I’m told that this night-walking in the desert is foolishness, and that I will get lost, not find the trail again, go deep in the wrong direction. And that my body will be found weeks later, or probably never, sun-mummified, blackened as charcoal, clutching an empty water bottle. My reassurance of safety is the Utah sky. There are too many stars in the clear nights of the canyonlands to get lost; Polaris with its pinprick will point the way home.
But now here in Elephant Canyon, in the Needles District, the prophecy plays out as foretold: The night-walker does not know the way. Polaris is shrouded in clouds drawn up from the south, and soon Ursa Major, and Hercules, and Cassiopeia on her throne – all the constellation maps turning on the gyre – are gone. No compass in the pack, and the canyon has turned east and north and east again and maybe west – who knows?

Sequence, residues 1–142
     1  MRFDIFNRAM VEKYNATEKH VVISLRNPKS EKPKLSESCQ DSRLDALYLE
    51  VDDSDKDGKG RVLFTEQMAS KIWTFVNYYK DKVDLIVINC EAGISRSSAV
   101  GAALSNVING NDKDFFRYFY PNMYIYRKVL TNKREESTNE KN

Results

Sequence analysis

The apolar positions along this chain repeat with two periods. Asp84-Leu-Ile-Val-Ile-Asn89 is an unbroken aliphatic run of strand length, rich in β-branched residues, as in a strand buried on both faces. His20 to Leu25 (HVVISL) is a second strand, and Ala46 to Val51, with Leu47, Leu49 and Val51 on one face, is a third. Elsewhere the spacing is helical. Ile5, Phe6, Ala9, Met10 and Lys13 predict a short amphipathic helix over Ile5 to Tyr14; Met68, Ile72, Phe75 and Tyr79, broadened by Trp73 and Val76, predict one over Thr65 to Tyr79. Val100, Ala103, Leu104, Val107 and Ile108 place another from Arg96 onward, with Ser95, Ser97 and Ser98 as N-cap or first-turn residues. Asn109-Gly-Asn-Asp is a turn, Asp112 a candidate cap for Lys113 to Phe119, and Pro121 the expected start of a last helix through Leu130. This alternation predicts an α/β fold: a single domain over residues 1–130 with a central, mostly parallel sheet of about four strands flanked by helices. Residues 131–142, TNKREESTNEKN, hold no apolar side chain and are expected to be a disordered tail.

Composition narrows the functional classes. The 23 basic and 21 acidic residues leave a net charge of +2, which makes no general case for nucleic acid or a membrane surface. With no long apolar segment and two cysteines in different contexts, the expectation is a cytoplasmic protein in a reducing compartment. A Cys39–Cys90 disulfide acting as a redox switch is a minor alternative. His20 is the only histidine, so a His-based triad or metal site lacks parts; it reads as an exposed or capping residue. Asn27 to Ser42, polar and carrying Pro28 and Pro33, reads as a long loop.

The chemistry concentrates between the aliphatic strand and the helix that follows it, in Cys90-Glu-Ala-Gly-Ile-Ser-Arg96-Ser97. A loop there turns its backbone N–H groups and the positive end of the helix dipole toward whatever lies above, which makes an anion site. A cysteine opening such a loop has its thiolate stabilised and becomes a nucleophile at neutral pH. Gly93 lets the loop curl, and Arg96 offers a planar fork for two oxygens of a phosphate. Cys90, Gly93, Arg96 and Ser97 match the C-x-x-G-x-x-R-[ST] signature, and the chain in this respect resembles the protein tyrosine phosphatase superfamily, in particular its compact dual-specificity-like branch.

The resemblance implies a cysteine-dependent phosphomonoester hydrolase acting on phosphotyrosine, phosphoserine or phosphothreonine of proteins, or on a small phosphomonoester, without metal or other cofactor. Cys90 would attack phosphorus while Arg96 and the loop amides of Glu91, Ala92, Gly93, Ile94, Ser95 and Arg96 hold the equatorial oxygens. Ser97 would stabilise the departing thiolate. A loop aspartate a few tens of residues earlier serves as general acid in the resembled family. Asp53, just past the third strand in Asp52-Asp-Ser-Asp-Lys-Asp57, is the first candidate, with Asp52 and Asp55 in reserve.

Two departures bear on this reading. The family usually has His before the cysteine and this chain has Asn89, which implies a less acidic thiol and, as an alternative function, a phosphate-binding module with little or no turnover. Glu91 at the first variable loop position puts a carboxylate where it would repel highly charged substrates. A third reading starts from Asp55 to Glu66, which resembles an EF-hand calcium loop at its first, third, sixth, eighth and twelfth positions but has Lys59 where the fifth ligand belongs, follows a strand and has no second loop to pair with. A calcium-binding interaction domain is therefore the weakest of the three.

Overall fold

Fool, fool. Should’ve watched the weather. Old black night unfolds to something small and intimate in a desert of impossible distances, this country of cliff and wall and spire, everywhere plummeting and leaping. No more distances now; the images in the rock a mile away seem to brush up against my legs. The eyes are taller, wider, dosed with the night-vision hallucinogenic. All is seen as if underwater: grey and blue-grey amid black-swimming schools of black fish. The rocks that in the daylight are shocked to stillness under the sun now pick up their skirts and their shadows and dance about, flitting in the sidelong glance. My night-eyes and night-ears play games. The junipers and pinyons, stirred by the breeze, stretch animal arms in their branches. The boulders creeping, the cliffs sliding, the towers bending, and when I find running water, it babbles a hundred human voices, whole crowds familiar and unfamiliar, some of them friends I have known, some of them my father, mother, daughter. The water splashes and plays and communicates the news that it knows exactly where it’s going, and, ha ha, I do not. I wonder if hungry creatures have watched me, waiting for the hominid night-walker to make a mistake. I think I see a great cat moving on the cliff – my own shadow-cat in the moonlight. I conclude that in the desert the mammals with big teeth, what few are left, aren’t interested, nor are the rattlesnakes, nor the scorpions, nor the great blooming banks of flowers, white-fluorescent, that open only after the sun has gone down, and which to us night-walkers are the secret we look for.